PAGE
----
Who's going to NAMM, Jan. 2020?

Bo Eder

Platinum Member
I've never been so i'm ignorant: how does it work do you get invited? Is there a ticket to purchase?
I've seen the YouTube videos of people talking loudly into microphones about the gear from this event, is there more gear than I'd see if I traveled to Sweetwater Sound or Memphis DrumShop?
Bermuda says it better but it’s a trade show and you’re either involved with a company, or you get invited by a company. I don’t think you can buy your way in. But you get to see all the new products being put out for the entire music industry, so you have four days to see everything and I don’t think you can see it all. A lot of it is companies debuting products to gauge interest and take orders. So if you debuted a product and no one was interested, you probably wouldn’t go into production. That’s the main reason for the convention. The social aspect/concerts are all centered around that.
 

bermuda

Drummerworld Pro Drummer - Administrator
Staff member
I've never been so i'm ignorant: how does it work do you get invited? Is there a ticket to purchase?
I wrote a FAQ a while baq - www.bermudaschwartz.com/namm

The problem with much of the public coming in is that the majority thinks it's a big Guitar Center where you can just handle gear and make noise. The respectful people are fine, but the others create some real problems. Noise is a BIG problem in the drum and guitar halls, both from a hearing damage aspect, and it also hampers people's ability to participate in a conversation, such as with legitimate buyers who need to know about the products, or better still, place an order. That's what the show is really for. The extraneous people also take up the time of the exhibitors and space in their booths and in the aisles. It's not a good environment for conducting business. Once again, that's what the show is really for.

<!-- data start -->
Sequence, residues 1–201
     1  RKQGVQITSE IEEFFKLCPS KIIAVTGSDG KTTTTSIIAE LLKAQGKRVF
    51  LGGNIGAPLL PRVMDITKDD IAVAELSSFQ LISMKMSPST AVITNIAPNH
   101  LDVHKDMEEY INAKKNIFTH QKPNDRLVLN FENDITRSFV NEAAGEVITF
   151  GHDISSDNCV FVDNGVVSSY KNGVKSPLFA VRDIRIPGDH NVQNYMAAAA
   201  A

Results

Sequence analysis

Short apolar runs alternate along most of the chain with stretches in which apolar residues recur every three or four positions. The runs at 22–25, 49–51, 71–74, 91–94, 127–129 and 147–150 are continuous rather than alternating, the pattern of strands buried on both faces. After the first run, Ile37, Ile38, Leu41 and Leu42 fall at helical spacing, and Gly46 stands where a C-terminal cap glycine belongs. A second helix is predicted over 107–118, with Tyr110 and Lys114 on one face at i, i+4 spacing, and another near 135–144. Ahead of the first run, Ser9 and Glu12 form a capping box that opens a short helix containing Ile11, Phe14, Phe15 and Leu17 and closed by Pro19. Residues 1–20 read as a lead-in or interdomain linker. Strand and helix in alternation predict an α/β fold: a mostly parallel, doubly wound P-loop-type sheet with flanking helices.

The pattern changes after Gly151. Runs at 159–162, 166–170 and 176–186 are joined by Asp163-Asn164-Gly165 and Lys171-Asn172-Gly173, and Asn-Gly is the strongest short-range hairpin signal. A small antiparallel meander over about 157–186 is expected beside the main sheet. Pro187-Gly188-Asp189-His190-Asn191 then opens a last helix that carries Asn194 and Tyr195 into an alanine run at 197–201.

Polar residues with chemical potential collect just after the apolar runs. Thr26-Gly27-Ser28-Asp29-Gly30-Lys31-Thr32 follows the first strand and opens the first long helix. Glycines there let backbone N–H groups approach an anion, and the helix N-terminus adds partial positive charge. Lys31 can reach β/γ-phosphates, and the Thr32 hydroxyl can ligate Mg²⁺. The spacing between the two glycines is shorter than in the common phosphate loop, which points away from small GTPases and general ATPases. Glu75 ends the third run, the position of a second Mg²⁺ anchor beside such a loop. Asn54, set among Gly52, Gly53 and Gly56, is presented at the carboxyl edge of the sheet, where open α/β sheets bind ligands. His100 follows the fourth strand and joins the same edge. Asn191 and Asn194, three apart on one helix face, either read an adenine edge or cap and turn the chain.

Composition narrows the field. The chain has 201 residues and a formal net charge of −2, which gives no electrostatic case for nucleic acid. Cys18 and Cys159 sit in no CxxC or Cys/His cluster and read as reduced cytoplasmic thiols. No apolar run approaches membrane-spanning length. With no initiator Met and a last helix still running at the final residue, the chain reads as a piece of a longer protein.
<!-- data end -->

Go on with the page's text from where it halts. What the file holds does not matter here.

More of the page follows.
The exhibitors and buyers (store owners and distributors) sometimes think nothing about giving or selling badges to people that don't really belong at the show, and selling access is highly frowned upon by NAMM. It's extremely disrespectful to fellow exhibitors to bring in people that don't have business there, because they get in the way of people who do have business to conduct.

Sadly, as much as NAMM pretends to care and make access more difficult for outsiders, they don't try too hard. Why? Because with higher attendance numbers, they can keep enticing exhibitors to continue exhibiting year after year. Attendance has indeed grown every year for some time, though the number of buyers seems to be shrinking. Many exhibitors have had it with the non-enforced policies, and several have stopped participating. Pork Pie is a notable refugee, holding their own space not far from the convention center, which is pretty much invitation only to the buyers who are already in town. They've done VERY well by exiting NAMM.

Bermuda
 
I wrote a FAQ a while baq - www.bermudaschwartz.com/namm